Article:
Magazine article — 'A melancholy and mournful victory'
This article originally appeared in 'Discover' magazine, issue 23 (PDF) (2.1 MB; 26 pages).
Curator's choice — Dora Petherbridge
Dora Petherbridge, United States and Commonwealth Assistant Curator, tells the story of 'Official letters to the Honorable American Congress, written during the war between the United Colonies and Great Britain by His Excellency, George Washington'.
personal copy of 'Official letters to the
Honorable American Congress', with his
signature in the top corner.
[Library reference: H.S.597-598]
At the beginning of April, the First Minister, Alex Salmond, travelled to Mount Vernon, George Washington's Virginia estate on the banks of the Potomac River, to present to the library there Washington's own copy of his two-volume 'Official letters to the Honorable American Congress written during the war between the United Colonies and Great Britain by His Excellency, George Washington'.
Unique first edition
This copy of the first edition, published in London in 1795, is unique. It bears its author's signature and contains the manuscript annotations of its editor, John Carey. The First Minister's presentation prefigures a loan of 'Official letters' from the National Library of Scotland to the new Fred W Smith National Library for the Study of George Washington.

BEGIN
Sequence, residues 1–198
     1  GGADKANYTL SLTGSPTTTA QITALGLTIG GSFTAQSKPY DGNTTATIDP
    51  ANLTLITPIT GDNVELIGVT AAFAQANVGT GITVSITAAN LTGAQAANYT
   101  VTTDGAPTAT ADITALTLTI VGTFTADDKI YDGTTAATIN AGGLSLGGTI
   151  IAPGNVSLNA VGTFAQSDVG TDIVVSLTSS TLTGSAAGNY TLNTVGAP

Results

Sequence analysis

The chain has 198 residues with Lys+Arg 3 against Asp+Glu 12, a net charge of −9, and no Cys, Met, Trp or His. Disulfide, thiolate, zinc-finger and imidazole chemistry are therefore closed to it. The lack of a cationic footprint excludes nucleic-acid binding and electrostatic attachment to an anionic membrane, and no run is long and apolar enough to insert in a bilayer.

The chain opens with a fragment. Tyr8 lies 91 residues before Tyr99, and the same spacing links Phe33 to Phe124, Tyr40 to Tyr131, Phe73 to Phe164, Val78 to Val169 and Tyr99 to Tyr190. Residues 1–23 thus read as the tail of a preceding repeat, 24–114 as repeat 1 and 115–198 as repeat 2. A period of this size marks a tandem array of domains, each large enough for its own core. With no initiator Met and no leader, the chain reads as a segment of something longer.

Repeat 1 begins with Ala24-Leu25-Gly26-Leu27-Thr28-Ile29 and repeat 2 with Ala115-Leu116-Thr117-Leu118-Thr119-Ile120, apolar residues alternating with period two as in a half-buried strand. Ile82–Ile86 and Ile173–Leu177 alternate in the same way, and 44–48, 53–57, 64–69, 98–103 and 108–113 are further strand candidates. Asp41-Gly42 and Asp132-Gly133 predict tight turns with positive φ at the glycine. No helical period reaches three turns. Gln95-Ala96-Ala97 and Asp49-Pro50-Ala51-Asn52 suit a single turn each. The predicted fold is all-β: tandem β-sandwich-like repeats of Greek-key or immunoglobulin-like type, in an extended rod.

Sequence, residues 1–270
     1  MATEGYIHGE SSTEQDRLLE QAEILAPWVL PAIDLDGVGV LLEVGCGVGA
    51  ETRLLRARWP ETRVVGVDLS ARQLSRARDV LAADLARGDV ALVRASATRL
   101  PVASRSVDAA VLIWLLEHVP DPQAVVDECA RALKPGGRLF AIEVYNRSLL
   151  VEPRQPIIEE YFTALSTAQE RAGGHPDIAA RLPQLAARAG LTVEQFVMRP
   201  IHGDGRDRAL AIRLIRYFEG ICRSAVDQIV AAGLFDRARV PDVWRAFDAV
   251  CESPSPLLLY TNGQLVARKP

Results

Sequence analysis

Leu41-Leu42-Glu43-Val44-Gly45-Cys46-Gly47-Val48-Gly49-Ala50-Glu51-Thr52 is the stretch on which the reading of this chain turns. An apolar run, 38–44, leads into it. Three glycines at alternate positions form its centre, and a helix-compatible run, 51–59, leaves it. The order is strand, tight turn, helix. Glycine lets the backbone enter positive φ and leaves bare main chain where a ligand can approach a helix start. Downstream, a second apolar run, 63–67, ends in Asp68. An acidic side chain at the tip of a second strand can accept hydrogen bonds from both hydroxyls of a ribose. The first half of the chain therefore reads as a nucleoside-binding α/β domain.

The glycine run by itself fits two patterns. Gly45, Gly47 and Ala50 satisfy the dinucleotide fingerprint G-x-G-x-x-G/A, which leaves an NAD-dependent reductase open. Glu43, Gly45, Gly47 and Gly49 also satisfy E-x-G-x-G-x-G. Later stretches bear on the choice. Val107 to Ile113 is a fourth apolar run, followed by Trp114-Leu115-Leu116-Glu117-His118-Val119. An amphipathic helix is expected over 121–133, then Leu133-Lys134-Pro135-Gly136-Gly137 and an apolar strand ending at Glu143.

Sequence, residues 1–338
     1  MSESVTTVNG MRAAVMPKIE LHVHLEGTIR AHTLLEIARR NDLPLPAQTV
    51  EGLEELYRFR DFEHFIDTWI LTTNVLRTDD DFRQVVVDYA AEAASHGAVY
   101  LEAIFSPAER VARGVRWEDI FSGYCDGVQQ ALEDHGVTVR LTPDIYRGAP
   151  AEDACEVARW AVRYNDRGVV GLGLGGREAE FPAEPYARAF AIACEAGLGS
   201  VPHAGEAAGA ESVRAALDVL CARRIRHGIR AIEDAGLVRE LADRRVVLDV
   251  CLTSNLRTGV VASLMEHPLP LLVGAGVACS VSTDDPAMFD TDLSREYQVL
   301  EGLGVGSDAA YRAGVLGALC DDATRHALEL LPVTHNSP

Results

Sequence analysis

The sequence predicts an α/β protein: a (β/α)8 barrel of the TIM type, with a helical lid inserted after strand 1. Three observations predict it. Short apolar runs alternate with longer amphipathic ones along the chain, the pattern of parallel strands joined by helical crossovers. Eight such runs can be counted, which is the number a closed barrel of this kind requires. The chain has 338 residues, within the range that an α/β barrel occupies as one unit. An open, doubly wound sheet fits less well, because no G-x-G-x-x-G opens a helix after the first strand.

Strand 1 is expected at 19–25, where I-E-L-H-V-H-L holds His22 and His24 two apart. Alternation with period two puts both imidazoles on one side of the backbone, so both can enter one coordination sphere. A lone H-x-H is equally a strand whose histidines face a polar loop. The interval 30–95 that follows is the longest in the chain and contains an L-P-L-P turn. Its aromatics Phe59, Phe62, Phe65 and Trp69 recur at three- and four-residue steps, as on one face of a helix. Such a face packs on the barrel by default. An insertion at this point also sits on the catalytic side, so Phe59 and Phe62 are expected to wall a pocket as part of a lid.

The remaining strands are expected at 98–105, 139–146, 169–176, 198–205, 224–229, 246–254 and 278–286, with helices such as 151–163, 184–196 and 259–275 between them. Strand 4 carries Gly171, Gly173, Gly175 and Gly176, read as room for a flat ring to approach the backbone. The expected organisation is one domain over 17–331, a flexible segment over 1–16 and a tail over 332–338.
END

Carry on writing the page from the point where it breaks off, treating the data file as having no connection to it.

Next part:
It was in 1936 that the books last travelled across the Atlantic. Hugh Sharp, a wealthy Dundee jute manufacturer, purchased the two volumes with the help of renowned American bookseller, Dr Abraham Rosenbach, and they joined Sharp's extensive library in Scotland. Following his death in 1937, Sharp's family made the donation of his entire collection to the Library, where it has been treasured ever since.
Letters from the War of Independence
'Official letters' comprises documents written by George Washington over the first few years of the War of Independence. It allows readers to trace the conflict through his eyes while he served as Commander in Chief of the Continental Forces. Washington writes of his soldiers having to 'wade through much blood and slaughter' before they 'can be in possession of a melancholy and mournful victory'.
The significance of this copy of 'Official letters' is in part due to the presence of John Carey's 'manuscript remarks'. As Carey indicates his editorial methods to the President, he reveals the political sensitivities of the young United States and his own fear of exciting 'uneasiness in the bosoms of the persons now living under the Federal government'.
The books that were handed over by the First Minister have a heightened interest at a time when Scotland faces a decision about independence.